June 18, 2008, Toronto — Canada became the first country ever to be brought to court for failing to comply with its legal commitments to combat global warming.
From the Ecojustice Media Release:
Canada in court for violating federal climate change law – Lawsuit demands government obey the will of Parliament.
…On behalf of Friends of the Earth Canada, pro-bono lawyers from Paliare Roland Barristers and Ecojustice (formerly Sierra Legal Defence Fund) challenged the Government of Canada for violating the Kyoto Protocol Implementation Act (KPIA), a federal law which came into force less than one year ago.
“The case is about defending the fundamental principle that the government must be accountable and comply with the law”, said Ecojustice lawyer Hugh Wilkins. “The government cannot pick and choose which laws to obey. The law is the law.”
The KPIA sets out mandatory legal obligations and deadlines that the government is required to meet, including the publication of a climate change plan and the enactment of regulations to ensure that Canada takes effective and timely action to meet its international treaty obligations under the Kyoto Protocol. The lawsuit alleges that the federal gov’t has not complied with these requirements or met the deadlines set out in the Act.
“Put simply, Canada has failed to comply with the law,” said eminent Canadian lawyer Chris Paliare. “We are asking the court to declare that the government is bound by the law and must be held accountable to the will of Parliament.”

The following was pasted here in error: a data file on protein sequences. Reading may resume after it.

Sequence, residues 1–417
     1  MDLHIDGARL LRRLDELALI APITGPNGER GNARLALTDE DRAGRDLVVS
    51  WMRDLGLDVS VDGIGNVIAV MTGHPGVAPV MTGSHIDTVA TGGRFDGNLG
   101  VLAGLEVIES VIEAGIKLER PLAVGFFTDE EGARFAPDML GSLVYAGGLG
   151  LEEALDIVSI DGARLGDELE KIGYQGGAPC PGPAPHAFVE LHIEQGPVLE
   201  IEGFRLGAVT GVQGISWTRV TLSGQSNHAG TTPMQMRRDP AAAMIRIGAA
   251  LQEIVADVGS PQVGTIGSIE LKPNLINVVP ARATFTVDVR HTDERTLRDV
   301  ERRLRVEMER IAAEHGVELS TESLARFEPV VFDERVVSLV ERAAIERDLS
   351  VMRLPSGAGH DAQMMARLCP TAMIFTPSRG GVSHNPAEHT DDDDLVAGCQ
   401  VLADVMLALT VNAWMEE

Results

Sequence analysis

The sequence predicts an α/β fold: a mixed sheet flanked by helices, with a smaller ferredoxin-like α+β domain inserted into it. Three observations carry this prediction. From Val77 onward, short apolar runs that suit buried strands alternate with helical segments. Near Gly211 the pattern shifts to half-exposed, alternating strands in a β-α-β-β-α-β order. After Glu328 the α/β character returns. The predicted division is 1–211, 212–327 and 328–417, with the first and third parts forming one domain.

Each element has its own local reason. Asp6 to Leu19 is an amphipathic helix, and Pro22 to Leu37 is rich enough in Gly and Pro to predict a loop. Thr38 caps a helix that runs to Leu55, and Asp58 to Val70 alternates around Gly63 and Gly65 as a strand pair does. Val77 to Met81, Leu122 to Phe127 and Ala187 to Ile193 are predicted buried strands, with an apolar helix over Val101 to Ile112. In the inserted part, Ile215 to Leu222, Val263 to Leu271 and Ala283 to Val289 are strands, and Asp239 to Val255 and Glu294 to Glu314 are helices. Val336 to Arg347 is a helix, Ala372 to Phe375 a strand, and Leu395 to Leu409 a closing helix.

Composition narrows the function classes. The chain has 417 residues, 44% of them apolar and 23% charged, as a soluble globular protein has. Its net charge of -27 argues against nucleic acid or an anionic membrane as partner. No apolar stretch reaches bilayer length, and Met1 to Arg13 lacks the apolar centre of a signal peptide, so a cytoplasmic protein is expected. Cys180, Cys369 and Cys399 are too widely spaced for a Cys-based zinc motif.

The Kyoto Protocol is an international agreement that has been ratified by 180 countries to date and sets targets for reducing greenhouse gas emissions. Of the 38 industrialized nations with binding international targets, Canada is the only country that has indicated that it does not intend to meet its international obligations.
“While other industrialized countries actively work to reduce greenhouse gas emissions and fight climate change, our government has offered pollution holidays for emitters for decades to come,” said Friends of the Earth Ccanada Chief Executive Officer Beatrice Olivastri. “This government has broken the law and, as Canadian citizens, we have both a moral and legal imperative to insist on enforcement of our own laws on climate action.”
The lawsuit seeks a declaration from the Court that the government has not complied with the law and an order requiring it to do so.
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